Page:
A high-flying Lockheed Martin U-2 spy plane has enabled a mission control station to dynamically re-target a simulated Long-Range Anti-Ship Missile (LRASM), using data passed from an F-22 Raptor over the deserts of Southern California in a recent flight trial.
During the tests, targeting data was passed from the F-22 to a ground station via an L-3 Communications modem on the U-2, says Scott Winstead, Lockheed Martin's head of strategic development for the U-2 programme. This allowed the ground station to re-target the LRASM surrogate, essentially a cruise missile mission systems flown on a business jet.
In addition, the U-2 was able to translate and pass data between the F-22 and a Boeing F-18 Hornet during the series of flights, which took place in June. The tests were designed to evaluate new US Air Force open mission system (OMS) standards using a Skunk Works product called Enterprise Open System Architecture (E-OSA).
Company officials told Flightglobal in a recent interview that the U-2 testbed was on loan from the operational fleet, and has been modified to comply with open standards the air force has been developing through an “OMS consortium” involving the top aircraft manufacturers and suppliers.
These recent tests build on the success of Lockheed's internally-funded Project Missouri in 2013, which tested Link 16 communication between an F-22 and F-35 Joint Strike Fighter. It also follows the SYERS-2C multispectral imagery sensor integration and test last December.
Renee Pasman, senior manager for the Lockheed open system architecture roadmap, says that the programme team was able to integrate seven OMS-compliant payloads with the modular U-2 Dragon Lady in just three months, as opposed to the 12- to 24-months it normally takes to integrate a new pieces of equipment with a military aircraft.
She adds that the work supports the air force OMS project, established to speed up and reduce the cost of integrating new capabilities by having standardised interfaces and software.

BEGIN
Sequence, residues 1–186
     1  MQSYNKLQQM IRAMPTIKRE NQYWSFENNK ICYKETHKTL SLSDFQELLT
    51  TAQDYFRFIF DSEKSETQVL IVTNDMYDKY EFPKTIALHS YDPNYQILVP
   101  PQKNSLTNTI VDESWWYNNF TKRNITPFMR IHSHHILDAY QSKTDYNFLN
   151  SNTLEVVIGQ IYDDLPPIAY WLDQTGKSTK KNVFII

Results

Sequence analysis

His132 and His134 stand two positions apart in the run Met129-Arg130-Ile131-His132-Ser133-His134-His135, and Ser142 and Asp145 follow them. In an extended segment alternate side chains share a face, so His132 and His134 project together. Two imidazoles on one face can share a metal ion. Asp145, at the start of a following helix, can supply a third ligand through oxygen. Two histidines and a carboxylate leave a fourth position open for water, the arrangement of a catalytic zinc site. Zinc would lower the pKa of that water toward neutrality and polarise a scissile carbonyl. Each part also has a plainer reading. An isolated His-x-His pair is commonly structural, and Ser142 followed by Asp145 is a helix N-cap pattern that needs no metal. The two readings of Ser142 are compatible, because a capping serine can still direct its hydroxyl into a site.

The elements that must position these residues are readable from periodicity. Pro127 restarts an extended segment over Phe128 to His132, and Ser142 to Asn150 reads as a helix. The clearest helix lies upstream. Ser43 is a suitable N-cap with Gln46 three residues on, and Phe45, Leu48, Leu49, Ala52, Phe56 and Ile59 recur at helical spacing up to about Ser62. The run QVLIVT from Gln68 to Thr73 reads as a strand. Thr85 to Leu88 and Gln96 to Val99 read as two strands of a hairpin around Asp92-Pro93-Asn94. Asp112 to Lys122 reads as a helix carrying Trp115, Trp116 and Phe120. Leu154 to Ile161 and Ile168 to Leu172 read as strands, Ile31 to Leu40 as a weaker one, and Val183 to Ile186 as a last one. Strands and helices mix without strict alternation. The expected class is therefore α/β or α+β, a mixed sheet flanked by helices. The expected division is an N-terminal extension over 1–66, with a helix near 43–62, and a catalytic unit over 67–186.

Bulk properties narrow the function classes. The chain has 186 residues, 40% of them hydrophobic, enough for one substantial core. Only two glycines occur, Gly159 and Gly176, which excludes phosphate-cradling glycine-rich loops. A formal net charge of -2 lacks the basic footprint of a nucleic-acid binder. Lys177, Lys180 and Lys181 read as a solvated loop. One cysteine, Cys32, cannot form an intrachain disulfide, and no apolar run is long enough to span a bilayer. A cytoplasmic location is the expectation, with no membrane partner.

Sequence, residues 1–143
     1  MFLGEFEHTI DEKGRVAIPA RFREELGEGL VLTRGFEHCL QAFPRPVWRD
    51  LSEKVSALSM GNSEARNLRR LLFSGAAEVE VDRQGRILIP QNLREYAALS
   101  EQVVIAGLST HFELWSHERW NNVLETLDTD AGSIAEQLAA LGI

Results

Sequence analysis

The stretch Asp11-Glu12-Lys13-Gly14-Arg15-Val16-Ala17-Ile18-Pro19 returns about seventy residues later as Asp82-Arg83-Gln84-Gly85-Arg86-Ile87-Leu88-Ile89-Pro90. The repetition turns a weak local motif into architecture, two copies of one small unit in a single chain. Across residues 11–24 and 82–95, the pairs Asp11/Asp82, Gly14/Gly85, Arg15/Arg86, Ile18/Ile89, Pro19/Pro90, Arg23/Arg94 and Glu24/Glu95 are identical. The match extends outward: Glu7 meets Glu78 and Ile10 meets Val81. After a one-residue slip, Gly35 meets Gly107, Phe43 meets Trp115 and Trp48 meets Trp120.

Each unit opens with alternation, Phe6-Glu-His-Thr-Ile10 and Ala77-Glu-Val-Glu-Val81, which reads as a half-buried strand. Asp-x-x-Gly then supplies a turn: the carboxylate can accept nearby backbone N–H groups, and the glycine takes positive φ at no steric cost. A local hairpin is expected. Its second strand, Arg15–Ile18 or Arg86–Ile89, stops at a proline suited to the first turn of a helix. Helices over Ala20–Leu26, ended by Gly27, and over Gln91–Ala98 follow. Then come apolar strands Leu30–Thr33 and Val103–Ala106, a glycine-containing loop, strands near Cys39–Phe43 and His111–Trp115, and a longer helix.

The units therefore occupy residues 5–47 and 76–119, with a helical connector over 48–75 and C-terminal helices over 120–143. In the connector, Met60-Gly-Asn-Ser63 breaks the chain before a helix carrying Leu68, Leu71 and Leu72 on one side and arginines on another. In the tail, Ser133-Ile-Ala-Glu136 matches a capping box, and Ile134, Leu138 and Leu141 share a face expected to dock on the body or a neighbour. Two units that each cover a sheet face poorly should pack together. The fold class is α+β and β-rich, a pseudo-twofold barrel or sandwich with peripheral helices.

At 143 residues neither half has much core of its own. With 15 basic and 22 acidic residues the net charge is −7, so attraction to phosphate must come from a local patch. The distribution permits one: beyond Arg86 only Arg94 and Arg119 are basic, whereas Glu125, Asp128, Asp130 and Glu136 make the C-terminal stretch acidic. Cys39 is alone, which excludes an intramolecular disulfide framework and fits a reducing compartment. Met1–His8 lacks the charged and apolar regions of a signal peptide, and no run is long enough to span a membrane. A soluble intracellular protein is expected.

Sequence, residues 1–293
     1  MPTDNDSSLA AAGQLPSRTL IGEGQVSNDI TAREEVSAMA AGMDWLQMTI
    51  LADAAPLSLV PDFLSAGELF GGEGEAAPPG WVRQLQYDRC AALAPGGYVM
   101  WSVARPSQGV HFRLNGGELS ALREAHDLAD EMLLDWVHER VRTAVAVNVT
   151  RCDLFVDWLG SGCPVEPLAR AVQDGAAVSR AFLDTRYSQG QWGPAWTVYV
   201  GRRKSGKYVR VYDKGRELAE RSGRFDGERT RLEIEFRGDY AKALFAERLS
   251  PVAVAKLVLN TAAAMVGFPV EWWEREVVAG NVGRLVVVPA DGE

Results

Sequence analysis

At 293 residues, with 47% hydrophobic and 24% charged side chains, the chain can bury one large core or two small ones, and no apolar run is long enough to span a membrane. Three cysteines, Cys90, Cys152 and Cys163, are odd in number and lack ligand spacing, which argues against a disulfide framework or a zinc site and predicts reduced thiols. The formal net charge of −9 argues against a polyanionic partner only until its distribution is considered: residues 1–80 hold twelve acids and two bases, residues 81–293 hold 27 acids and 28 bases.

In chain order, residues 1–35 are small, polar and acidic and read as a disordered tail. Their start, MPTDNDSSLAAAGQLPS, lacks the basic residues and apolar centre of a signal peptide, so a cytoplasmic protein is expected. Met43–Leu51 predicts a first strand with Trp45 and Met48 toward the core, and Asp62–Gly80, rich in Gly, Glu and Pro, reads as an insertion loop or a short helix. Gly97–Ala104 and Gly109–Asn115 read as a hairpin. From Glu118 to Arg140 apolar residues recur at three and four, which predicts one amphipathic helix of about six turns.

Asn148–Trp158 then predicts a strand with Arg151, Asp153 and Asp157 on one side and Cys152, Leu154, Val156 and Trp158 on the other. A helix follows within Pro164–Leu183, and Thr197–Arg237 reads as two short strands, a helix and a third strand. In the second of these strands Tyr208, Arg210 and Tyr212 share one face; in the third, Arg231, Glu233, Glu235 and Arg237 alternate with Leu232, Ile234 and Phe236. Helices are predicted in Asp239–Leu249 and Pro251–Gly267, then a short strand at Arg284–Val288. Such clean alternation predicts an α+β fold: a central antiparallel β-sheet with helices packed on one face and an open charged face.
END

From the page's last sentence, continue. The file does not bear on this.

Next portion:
“The payloads for this latest demonstration were primarily communications payloads, for example Link 16 terminals as well as other radio equipment and some communications signals intelligence payloads integrated from our industry partners,” she says. “The communications payload was a fourth- to fifth-generation translator, fighter to fighter.”
It is no coincidence that Lockheed is testing communications relays, since the air force is exploring a programme called Multi-Domain Adaptable Processing System (MAPS) that would let new and old fighter jets share battle information.
“This demonstration was not done in support of the MAPS programme, but certainly the approach we demonstrated and technologies we demonstrated would be applicable to solving the MAPS requirements,” Pasman says.
The open standards are being developed as a requirement for whatever platform is developed to replace the Northrop Grumman E-8C Joint Surveillance Target Attack Radar System (JSTARS) as part of the air force’s “owning the technical baseline” initiative. It could also be used on the T-X next-generation trainer and Long-Range Strike Bomber. The air force is also exploring ways to make these standards interoperable with the open mission system standards designed for the US Army and Navy.
The U-2 testbed is currently stationed at the Lockheed Skunk Works facility in Palmdale and will be returned to the operational fleet in December.
(Images supplied by Lockheed Martin)